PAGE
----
TX Organic Research Center



Cardboard path shows the way
March 02, 2007
By Howard Garrett

I would like your opinion about using wood chips over cardboard to cover a garden walkway. The path is between raised beds that are bordered by cinder blocks. V.C., Shreveport, LA

ANSWER: That should work fine. The mulch and cardboard will break down over time, so they need to be replenished occasionally.

QUESTION: Is there any kind of seed I can broadcast over a bare lawn at a rent house? The tenants (college students) do not water, so I'm looking for something drought-tolerant. The site is mostly sunny. I'm open to anything green: a cover crop, groundcover or grass seed. S.H., Houston

ANSWER: I would broadcast a mix of Bermuda and buffalo grass seeds after roughing up the soil surface. Watch the weather and try to catch a rain. Even these grasses need some water to germinate and start growing.  In shady spots, plant plugs of horseherb.

QUESTION: Our grandson has had a rash for some time. A doctor thinks it may be caused by bedbugs. Do you have a remedy? P.S., Garland

ANSWER: Treat all cracks, crevices, seams of bedsprings and mattresses, door casings, backs of pictures, electrical switch plates and furniture upholstery with orange oil or d-limonene products, other plant-oil products or natural diatomaceous earth.  Using a capful of a high-quality d-limonene product per washer load will help clean the bedding without harming the fabric.  Using a rinse made with apple cider vinegar after showering also helps.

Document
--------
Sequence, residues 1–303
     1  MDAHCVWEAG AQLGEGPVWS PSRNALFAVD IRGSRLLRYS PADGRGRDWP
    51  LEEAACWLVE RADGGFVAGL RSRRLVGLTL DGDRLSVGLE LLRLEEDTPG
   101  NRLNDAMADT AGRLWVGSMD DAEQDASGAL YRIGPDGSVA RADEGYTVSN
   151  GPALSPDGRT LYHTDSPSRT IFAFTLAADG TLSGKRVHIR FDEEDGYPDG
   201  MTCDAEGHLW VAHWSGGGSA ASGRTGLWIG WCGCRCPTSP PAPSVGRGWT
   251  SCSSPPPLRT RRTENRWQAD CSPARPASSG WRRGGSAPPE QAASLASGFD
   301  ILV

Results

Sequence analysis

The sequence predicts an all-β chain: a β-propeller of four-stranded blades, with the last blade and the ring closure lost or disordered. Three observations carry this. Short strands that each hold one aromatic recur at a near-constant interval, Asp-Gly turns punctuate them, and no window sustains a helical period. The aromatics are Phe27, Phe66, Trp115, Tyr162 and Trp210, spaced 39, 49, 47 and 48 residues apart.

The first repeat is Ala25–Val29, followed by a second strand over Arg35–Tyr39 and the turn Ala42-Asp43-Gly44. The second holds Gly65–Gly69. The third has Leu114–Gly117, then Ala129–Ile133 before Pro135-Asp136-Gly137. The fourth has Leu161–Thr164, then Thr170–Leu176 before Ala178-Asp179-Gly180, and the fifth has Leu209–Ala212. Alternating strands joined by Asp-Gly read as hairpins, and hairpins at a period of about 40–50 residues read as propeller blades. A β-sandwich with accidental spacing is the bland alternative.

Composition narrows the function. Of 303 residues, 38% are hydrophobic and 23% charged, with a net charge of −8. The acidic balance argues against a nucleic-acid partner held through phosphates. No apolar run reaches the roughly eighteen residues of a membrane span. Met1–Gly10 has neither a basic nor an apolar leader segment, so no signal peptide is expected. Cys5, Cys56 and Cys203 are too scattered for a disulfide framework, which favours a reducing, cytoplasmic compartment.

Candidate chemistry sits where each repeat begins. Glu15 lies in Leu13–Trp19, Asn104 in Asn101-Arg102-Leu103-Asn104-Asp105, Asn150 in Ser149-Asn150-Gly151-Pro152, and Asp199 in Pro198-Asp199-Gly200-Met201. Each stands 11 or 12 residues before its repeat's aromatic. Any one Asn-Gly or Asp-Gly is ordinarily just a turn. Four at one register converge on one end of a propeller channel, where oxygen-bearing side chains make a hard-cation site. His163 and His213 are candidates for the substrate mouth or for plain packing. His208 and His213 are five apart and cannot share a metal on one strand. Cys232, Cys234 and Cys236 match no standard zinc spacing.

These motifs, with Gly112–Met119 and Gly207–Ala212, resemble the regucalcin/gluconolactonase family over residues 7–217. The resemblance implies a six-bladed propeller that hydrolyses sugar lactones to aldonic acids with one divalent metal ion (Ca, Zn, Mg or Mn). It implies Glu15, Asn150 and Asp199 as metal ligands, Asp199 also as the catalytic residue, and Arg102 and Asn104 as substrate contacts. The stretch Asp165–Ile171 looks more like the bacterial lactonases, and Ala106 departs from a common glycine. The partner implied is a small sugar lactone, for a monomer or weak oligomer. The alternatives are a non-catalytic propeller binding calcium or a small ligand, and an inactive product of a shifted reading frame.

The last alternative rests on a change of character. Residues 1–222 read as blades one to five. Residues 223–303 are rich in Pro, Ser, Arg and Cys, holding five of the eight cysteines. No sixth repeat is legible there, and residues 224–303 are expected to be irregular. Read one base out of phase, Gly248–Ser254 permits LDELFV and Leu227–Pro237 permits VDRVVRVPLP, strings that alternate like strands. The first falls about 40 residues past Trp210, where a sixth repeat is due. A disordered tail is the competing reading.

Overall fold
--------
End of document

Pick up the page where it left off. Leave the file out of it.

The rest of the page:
QUESTION: Would it be beneficial to add a small amount of orange oil to dormant-oil spray for fruit and pecan trees? If so, how much should I add? K.C., Dallas

ANSWER: I think there could be some benefit. The usual rate is 1 to 2 ounces of orange oil per gallon of water. Don't go over 2 ounces for any spray mix that will hit foliage.  Mix the orange oil with horticultural oil, not dormant oil, and limit the orange oil to 1 ounce per gallon. Dormant oil no longer has any use. Horticultural oil is more highly filtered, has fewer weather restrictions and carries less danger of plant damage. It will smother both adult insects and eggs.

QUESTION: Even though it has been cold, moles are tearing up my yard. Last year, they destroyed the St. Augustine lawn.  I have heard that putting dog hair into the moles' burrows will run them off, but I have not tried it. I have used hot-pepper sauce and soap, but the moles just move to another spot. C.T., Springtown

ANSWER: Home remedies sometimes work with these insect-eating mammals. They tunnel to find earthworms, grub worms and insect larvae to eat.  Moles can be controlled to some degree with hot-pepper and castor-oil products or mixtures of these ingredients. Injecting the materials into the ground in the problem areas is more effective than spraying the surface.  Planting castor beans around the perimeter of the yard or garden can help, too.


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